Kerry says Hiroshima atomic bomb museum “stunning”, “gut-wrenching”
Kerry points out to Kishida a passage about friendship in a replica of a letter on a small diplomatic matter from former U.S. President Abraham Lincoln to the Tycoon of Japan in 1861, before their bilateral meeting alongside the G7 foreign ministers meeting - REUTERS
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HIROSHIMA, Japan : John Kerry, who on Monday became the first U.S. secretary of state to pay respects at Hiroshima’s memorial to victims of the 1945 U.S. nuclear attack, described a museum there as “stunning” and “gut-wrenching” and said it was a reminder to all in public life to work for a world free of nuclear weapons.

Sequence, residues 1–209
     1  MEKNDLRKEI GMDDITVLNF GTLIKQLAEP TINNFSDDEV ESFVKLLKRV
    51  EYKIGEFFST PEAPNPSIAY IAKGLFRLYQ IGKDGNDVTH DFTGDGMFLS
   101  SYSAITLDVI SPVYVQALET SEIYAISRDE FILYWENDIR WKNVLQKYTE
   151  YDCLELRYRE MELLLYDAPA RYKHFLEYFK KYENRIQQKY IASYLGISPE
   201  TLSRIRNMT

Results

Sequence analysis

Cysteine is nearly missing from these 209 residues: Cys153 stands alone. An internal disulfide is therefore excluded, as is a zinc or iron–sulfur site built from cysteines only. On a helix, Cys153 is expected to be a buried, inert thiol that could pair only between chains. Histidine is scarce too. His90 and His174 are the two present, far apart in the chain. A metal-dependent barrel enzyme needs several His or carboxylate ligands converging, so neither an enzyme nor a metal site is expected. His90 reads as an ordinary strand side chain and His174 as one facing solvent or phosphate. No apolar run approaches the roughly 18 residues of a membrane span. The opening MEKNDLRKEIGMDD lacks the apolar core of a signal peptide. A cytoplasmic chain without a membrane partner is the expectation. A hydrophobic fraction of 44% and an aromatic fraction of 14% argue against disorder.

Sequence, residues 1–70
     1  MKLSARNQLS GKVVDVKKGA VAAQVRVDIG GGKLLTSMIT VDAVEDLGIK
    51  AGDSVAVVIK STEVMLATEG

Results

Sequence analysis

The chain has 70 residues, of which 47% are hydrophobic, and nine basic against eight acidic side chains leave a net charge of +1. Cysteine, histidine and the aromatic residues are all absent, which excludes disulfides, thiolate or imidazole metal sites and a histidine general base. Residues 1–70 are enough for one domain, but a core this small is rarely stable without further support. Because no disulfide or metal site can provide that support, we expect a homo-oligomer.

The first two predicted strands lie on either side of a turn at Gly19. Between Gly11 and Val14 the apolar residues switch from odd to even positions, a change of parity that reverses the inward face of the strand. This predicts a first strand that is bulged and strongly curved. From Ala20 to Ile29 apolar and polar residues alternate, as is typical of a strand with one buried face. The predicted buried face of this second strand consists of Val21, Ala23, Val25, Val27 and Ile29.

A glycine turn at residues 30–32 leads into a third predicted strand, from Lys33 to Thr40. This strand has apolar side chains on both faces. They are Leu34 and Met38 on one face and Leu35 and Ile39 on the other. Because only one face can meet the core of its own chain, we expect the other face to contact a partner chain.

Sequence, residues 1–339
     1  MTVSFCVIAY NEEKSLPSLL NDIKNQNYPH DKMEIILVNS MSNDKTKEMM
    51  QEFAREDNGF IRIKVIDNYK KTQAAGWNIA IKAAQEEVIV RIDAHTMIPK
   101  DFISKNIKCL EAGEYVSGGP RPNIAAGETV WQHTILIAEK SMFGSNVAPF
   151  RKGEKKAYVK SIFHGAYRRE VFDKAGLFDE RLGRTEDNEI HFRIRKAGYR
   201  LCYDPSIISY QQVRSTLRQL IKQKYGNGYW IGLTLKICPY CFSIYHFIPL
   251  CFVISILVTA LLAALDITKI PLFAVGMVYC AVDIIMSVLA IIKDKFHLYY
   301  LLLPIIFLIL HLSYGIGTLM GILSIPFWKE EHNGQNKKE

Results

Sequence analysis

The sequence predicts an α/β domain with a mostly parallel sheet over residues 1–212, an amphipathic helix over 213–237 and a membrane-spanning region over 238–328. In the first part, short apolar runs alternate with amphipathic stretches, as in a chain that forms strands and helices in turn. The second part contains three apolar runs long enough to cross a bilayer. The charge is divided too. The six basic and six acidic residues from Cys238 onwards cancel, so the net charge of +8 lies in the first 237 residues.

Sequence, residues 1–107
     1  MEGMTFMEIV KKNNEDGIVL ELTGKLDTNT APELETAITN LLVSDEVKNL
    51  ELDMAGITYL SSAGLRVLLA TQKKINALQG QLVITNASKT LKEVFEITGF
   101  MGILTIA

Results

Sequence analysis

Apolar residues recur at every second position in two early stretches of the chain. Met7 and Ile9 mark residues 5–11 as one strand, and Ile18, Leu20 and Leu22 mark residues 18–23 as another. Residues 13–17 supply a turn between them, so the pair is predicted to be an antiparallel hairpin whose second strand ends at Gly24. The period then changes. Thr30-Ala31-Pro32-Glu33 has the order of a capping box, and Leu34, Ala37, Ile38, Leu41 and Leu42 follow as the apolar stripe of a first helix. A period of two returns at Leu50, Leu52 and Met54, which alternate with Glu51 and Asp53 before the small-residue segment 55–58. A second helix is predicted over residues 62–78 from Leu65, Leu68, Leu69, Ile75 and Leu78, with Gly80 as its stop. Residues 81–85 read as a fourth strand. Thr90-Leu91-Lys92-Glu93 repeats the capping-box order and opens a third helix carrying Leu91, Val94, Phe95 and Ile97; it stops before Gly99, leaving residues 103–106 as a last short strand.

Kerry, along with his counterparts from other Group of Seven (G7) advanced nations, toured the Hiroshima Peace Memorial and Museum, which displays photographs of badly burned victims, the tattered and stained clothes some of them wore and statues depicting them with flesh melting from their limbs.

His visit has raised speculation that U.S. President Barack Obama may become the first sitting U.S. president to visit Hiroshima when he travels to Japan for a G7 leaders summit in May.

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